Kyoto Makes UK Energy Policy All Wind
Byline: By PADDY ROONEY
The Prime Minister recently announced that climate change will be a key theme of Britain's forthcoming presidency of the G8 group of rich countries. There are indeed issues to be addressed, and unsuitable policies could have serious implications for the rural economy.
The Government's approach has not been reassuring. Its enthusiasm for cost-inefficient and unsightly wind turbines seems curious when less obtrusive technologies are available.
The Assembly's TAN-8 planning paper would seem to permit wind farm developments to override sensible local priorities.
And the Treasury regards climate change as a tax-raising excuse - 'environmental' taxes cost the productive economy pounds 34bn last year, two-thirds coming from fuel taxes which especially disadvantage rural interests because of our dependence on road transport.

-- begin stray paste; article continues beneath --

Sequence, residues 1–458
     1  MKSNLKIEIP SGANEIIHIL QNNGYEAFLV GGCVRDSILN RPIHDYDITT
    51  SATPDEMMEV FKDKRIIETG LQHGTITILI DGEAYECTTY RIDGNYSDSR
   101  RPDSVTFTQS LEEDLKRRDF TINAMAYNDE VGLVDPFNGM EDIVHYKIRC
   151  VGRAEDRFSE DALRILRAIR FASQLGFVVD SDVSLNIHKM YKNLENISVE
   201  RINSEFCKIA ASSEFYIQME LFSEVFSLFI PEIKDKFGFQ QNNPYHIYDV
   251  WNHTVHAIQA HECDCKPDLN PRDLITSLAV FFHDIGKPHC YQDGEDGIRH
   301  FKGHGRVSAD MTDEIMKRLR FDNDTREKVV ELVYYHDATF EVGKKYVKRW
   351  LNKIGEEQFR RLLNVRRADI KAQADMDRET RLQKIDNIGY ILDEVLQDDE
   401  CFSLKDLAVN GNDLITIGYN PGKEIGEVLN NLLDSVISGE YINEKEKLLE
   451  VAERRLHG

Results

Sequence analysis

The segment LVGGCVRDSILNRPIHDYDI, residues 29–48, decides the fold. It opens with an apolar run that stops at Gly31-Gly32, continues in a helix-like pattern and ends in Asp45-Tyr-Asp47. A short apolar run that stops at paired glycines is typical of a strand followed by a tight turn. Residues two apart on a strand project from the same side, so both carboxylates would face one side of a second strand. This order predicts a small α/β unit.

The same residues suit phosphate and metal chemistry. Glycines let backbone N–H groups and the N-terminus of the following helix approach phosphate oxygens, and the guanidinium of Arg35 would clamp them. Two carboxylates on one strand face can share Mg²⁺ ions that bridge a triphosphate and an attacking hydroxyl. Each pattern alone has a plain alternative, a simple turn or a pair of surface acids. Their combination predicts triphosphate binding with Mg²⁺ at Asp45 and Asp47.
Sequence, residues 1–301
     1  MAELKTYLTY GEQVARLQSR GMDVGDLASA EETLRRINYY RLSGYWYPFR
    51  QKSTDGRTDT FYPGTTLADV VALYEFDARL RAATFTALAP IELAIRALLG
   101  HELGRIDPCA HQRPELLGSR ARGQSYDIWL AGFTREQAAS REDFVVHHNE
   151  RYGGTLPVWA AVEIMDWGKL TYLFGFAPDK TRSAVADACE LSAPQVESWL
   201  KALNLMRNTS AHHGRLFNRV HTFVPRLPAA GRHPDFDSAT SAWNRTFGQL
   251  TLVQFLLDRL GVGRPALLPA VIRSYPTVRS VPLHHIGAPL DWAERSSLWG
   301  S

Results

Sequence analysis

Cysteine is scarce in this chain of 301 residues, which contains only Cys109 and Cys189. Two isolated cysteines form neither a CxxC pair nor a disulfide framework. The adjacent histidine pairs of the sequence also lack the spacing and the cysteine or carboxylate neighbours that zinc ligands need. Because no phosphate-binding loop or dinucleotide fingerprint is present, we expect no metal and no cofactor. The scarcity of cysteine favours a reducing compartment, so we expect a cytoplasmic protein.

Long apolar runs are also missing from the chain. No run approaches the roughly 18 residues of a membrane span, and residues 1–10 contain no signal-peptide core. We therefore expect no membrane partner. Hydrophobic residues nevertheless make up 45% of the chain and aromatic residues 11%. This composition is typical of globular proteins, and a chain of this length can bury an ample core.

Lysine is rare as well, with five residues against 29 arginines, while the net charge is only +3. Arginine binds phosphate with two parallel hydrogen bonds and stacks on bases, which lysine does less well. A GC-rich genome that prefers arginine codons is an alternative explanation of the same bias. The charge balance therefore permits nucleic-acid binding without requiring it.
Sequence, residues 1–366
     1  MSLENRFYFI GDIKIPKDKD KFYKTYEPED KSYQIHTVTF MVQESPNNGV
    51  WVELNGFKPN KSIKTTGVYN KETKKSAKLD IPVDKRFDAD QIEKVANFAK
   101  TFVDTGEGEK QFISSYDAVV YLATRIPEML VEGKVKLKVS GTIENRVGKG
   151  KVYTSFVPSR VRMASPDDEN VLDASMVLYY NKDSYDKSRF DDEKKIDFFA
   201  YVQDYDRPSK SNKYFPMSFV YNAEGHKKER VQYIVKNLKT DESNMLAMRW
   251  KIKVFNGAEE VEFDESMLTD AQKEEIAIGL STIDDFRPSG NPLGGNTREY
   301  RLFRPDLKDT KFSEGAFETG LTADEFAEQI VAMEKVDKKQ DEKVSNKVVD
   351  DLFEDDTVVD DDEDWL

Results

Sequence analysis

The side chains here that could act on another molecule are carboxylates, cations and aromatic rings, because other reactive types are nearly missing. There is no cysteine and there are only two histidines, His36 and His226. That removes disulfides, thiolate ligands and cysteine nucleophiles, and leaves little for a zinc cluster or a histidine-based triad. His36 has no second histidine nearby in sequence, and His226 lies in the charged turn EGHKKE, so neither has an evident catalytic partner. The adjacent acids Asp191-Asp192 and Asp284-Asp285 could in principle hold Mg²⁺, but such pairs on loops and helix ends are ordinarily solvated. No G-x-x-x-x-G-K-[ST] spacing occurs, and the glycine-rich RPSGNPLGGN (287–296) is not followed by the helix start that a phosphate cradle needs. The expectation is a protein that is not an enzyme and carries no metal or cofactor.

Government policy is driven by the Kyoto Protocol, which focuses on reducing carbon dioxide emissions from fossil fuels.
But many factors influence climate, the man-made contribution to atmospheric carbon dioxide is small and the cost of reducing it immense, and despite the hype there is little sign of the catastrophes predicted to result from our environmental misbehaviour.
Sea levels and average temperatures may be rising slowly, but both were higher 1,400 years ago, before the Little Ice Age, and there is ample historic evidence for violent climatic events.
One informed commentator recently described the Kyoto Protocol as the most expensive confidence trick pulled on the world since Yalta - certainly it seems perverse to impose hugely expensive measures to tinker with a single climate factor.
Moreover as neither China, India nor the United States support it, the likely consequence of current British policies will be to export jobs and increase imports - not least in the agricultural sector. …